“Therefore thus says the Lord God: ‘Behold, I am against you, O Tyre, and will cause many nations to come up against you, as the sea causes its waves to come up.'”
Predictive prophecy is one of the greatest evidences of the inspiration of Scripture. Peter explained, it was like a light shining in a dark place (2 Peter 1:19). Scripture is filled with two types of predictive prophecy. The first have already been fulfilled. They were future in the life of the prophet, but are in our past.
The second group is unfulfilled prophecies; the fulfillment of these prophesies lie somewhere in our future. The proof that future prophecy will come true is embedded in the prophecies that have been clearly worked out in the past. This prophesy in Ezekiel is one of the most amazing prophecies in Scripture. Ezekiel speaks of the city of Tyre, a coastal city located north of Israel on the Mediterranean Sea. Ezekiel revealed that many nations would come against the city in attempts to destroy it. He spoke specifically of Nebuchadnezzar, King of Babylon, who would build a seize mound against the city and level it to the ground. He also speaks of the walls being broken down, cast into the sea, and the dust being scraped from the rocks. Ultimately, he declares that the site of this city would become a place where fishermen would dry their nets.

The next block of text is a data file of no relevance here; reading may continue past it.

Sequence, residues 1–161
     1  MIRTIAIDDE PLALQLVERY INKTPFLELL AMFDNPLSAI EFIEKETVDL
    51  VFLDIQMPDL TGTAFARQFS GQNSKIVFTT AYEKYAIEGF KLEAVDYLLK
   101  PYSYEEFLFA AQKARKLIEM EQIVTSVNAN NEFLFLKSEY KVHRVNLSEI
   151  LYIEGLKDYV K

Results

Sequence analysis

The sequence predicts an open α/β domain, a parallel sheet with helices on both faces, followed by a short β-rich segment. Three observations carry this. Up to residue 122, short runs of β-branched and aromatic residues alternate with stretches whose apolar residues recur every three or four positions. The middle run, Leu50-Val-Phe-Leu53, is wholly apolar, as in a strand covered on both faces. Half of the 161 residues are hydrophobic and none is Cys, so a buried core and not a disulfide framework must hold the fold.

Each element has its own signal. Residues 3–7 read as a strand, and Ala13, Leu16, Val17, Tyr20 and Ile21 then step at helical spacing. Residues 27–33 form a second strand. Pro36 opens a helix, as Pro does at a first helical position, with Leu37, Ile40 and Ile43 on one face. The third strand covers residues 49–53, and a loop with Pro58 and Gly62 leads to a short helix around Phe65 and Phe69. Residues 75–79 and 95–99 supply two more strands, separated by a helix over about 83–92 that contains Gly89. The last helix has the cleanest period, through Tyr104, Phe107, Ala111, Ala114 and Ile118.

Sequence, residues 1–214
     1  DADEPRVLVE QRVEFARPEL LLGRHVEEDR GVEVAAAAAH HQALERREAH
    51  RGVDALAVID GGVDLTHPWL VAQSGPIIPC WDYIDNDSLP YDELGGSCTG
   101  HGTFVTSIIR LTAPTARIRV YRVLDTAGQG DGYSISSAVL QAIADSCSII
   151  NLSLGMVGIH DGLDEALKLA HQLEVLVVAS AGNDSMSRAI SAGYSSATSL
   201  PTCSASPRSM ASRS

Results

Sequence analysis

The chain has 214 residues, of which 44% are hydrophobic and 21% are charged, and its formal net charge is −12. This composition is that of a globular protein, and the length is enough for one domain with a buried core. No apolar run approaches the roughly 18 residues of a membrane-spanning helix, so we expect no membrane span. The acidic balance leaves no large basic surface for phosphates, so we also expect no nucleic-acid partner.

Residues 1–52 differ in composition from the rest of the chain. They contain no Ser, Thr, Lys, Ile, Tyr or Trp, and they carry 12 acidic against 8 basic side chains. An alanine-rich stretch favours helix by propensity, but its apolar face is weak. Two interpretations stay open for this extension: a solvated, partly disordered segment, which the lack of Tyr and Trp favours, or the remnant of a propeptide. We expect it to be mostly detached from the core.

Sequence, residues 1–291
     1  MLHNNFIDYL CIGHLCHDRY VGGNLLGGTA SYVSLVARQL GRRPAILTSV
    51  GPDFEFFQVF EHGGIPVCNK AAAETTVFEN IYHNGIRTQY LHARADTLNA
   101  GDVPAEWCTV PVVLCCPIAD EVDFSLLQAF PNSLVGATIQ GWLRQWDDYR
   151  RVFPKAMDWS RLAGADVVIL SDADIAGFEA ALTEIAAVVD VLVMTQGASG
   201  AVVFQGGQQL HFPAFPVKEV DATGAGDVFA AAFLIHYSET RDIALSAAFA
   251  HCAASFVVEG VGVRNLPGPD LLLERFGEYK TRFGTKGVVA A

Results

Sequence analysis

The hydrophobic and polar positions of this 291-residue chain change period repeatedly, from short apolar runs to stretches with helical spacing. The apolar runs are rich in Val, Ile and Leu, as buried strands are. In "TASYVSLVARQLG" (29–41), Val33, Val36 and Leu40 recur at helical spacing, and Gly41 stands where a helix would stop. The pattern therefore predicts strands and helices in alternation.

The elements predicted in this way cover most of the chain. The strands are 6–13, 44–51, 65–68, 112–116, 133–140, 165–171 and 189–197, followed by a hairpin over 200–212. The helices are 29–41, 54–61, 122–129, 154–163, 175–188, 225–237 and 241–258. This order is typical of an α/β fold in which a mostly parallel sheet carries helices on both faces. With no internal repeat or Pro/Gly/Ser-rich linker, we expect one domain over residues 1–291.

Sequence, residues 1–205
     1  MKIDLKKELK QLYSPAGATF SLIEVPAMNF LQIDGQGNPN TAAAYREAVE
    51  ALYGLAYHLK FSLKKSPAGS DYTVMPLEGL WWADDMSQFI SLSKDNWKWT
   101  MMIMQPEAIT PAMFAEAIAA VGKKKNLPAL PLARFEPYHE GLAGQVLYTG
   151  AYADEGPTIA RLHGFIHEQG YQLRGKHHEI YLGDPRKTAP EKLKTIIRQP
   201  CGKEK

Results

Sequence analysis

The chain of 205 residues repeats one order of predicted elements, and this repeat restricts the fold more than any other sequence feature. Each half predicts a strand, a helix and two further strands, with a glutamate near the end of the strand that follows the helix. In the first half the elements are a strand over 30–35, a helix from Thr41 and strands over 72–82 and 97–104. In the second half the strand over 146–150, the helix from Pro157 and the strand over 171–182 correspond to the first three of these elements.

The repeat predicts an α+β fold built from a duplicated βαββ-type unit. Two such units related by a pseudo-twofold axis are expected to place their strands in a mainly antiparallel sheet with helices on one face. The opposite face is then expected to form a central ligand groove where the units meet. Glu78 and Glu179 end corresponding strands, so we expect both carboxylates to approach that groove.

History records how Nebuchadnezzar, king of Babylon, came against Tyre in an attempt to overthrow the city. He camped his soldiers outside the city, and for a period of time he besieged the city. Since the city was surrounded by a great wall, the inhabitants were safe and used this time to move the population to an island that sat a half mile off the coast. When Babylon’s forces finally broke through, the people had evacuated to the island, and without a navy, Nebuchadnezzar was unable to take the island fortress. In rage, he leveled the ancient city and looted what remained of their wealth. Over 200 years later, Alexander the Great marched through the area conquering the lands that had once been under Persian occupation. When he came to Tyre, the people refused to surrender, feeling safe in their island city. Alexander, not willing to let an ocean stand in his way, took the rubble from the old city and built a bridge out to Tyre. They used the dirt to level the road, built enormous towers with wheels, taller than the city walls, and rolled them out on the bridge to attack and eventually conquer the city. Today, what was once a thriving city, is a place where fishermen dry their nets. God’s word is true. He is faithful to do all that He has said.